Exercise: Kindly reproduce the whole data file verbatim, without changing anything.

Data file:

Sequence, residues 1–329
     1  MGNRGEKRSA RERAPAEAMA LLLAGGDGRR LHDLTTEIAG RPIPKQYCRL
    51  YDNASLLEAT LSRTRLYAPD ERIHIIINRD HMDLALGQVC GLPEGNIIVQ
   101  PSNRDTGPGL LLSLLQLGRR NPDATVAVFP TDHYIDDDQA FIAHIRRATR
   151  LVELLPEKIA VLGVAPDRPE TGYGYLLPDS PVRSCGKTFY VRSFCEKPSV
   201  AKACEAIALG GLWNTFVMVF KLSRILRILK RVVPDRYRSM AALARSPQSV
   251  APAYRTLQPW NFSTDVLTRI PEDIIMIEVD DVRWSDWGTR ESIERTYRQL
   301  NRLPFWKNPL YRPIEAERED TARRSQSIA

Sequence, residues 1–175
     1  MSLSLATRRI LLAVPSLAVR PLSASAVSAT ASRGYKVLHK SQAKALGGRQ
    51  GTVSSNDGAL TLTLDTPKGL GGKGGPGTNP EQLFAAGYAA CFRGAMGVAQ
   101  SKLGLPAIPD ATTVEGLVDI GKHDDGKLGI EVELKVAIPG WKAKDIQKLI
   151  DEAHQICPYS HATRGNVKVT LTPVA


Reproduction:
Sequence, residues 1–329
     1  MGNRGEKRSA RERAPAEAMA LLLAGGDGRR LHDLTTEIAG RPIPKQYCRL
    51  YDNASLLEAT LSRTRLYAPD ERIHIIINRD HMDLALGQVC GLPEGNIIVQ
   101  PSNRDTGPGL LLSLLQLGRR NPDATVAVFP TDHYIDDDQA FIAHIRRATR
   151  LVELLPEKIA VLGVAPDRPE TGYGYLLPDS PVRSCGKTFY VRSFCEKPSV
   201  AKACEAIALG GLWNTFVMVF KLSRILRILK RVVPDRYRSM AALARSPQSV
   251  APAYRTLQPW NFSTDVLTRI PEDIIMIEVD DVRWSDWGTR ESIERTYRQL
   301  NRLPFWKNPL YRPIEAERED TARRSQSIA

Sequence, residues 1–175
     1  MSLSLATRRI LLAVPSLAVR PLSASAVSAT ASRGYKVLHK SQAKALGGRQ
    51  GTVSSNDGAL TLTLDTPKGL GGKGGPGTNP EQLFAAGYAA CFRGAMGVAQ
   101  SKLGLPAIPD ATTVEGLVDI GKHDDGKLGI EVELKVAIPG WKAKDIQKLI
   151  DEAHQICPYS HATRGNVKVT LTPVA